42. Cuadra, Gabriel & Sapriza, Horacio, 2008. "Sovereign default, interest rates and political uncertainty in emerging markets," Journal of International Economics, Elsevier, vol. 76(1), pages 78-88, September.
  43. Juan M. Sanchez, 2008. "The Role of Information in Consumer Debt and Bankruptcy," 2008 Meeting Papers 523, Society for Economic Dynamics.
  44. Juan Carlos Hatchondo & Leonardo Martinez & Horacio Sapriza, 2007. "Quantitative models of sovereign default and the threat of financial exclusion," Economic Quarterly, Federal Reserve Bank of Richmond, issue Sum, pages 251-286.
  45. Juan Jose Cruces & Marcos Buscaglia & Joaquin Alonso, 2002. "The Term Structure of Country Risk and Valuation in Emerging Markets," Working Papers 46, Universidad de San Andres, Departamento de Economia, revised Apr 2002.
  46. Enrique G. Mandoza & Vivian Z. Yue, 2008. "A solution to the default risk-business cycle disconnect," International Finance Discussion Papers 924, Board of Governors of the Federal Reserve System (U.S.).
  47. Juan Carlos Hatchondo & Leonardo Martinez & Horacio Sapriza, 2007. "The economics of sovereign defaults," Economic Quarterly, Federal Reserve Bank of Richmond, issue Spr, pages 163-187.
  48. R. Gaston Gelos, Ratna Sahay and Guido Sandleris, 2008. "Sovereign Borrowing by Developing Countries: What Determines Market Access?," Business School Working Papers 2008-02, Universidad Torcuato Di Tella.
  49. Enrique G. Mendoza & Vivian Z. Yue, 2008. "A Solution to the Disconnect between Country Risk and Business Cycle Theories," NBER Working Papers 13861, National Bureau of Economic Research, Inc.
  50. Laura Alfaro & Fabio Kanczuk, 2007. "Debt Maturity: Is Long-Term Debt Optimal?," NBER Working Papers 13119, National Bureau of Economic Research, Inc.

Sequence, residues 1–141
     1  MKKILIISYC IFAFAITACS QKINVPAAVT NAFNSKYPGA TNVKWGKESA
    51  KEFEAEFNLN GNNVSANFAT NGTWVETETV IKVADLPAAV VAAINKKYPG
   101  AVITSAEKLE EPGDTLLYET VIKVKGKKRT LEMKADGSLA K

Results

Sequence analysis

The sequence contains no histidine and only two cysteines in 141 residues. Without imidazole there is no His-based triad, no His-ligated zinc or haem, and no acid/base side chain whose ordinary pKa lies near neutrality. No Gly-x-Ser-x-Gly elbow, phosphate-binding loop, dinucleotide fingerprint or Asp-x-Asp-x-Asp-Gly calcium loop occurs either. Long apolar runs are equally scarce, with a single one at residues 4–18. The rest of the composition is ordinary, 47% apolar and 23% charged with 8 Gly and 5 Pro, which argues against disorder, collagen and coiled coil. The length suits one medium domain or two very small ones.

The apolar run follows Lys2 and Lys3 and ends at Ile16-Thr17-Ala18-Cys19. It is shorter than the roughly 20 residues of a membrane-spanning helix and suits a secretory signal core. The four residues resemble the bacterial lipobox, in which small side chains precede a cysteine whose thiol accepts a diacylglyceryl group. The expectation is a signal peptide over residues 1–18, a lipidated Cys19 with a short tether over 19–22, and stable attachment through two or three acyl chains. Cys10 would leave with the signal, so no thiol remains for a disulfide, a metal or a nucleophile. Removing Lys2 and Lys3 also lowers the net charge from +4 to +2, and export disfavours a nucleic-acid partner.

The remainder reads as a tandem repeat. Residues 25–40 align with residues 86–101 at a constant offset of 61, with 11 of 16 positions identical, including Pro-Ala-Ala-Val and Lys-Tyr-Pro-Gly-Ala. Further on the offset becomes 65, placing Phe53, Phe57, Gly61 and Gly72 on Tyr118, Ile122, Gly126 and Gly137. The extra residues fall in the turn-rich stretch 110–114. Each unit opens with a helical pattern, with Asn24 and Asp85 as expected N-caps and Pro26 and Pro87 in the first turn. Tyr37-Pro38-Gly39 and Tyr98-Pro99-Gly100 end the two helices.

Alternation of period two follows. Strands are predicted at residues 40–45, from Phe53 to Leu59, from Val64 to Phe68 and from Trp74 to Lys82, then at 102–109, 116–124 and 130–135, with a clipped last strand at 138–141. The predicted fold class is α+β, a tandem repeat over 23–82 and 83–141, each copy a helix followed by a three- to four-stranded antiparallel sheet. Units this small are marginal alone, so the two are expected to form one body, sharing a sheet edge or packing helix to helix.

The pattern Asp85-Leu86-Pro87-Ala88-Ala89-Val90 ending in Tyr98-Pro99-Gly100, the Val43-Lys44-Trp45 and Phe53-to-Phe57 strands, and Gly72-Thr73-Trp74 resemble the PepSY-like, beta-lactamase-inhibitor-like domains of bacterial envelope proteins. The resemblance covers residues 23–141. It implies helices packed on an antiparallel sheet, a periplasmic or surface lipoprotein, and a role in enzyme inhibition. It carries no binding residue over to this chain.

Full references (including those not matched with items on IDEAS)

This item is featured on the following reading lists or Wikipedia pages:

  1. Canadian Macro Study Group

When requesting a correction, please mention this item's handle: RePEc:eee:inecon:v:79:y:2009:i:1:p:117-125. See general information about how to correct material in RePEc.

For technical questions regarding this item, or to correct its authors, title, abstract, bibliographic or download information, contact: (Zhang, Lei)

If you have authored this item and are not yet registered with RePEc, we encourage you to do it here. This allows to link your profile to this item. It also allows you to accept potential citations to this item that we are uncertain about.

If references are entirely missing, you can add them using this form.

If the full references list an item that is present in RePEc, but the system did not link to it, you can help with this form.

If you know of missing items citing this one, you can help us creating those links by adding the relevant references in the same way as above, for each refering item. If you are a registered author of this item, you may also want to check the "citations" tab in your profile, as there may be some citations waiting for confirmation.

Please note that corrections may take a couple of weeks to filter through the various RePEc services.

This information is provided to you by IDEAS at the Research Division of the Federal Reserve Bank of St. Louis using RePEc data.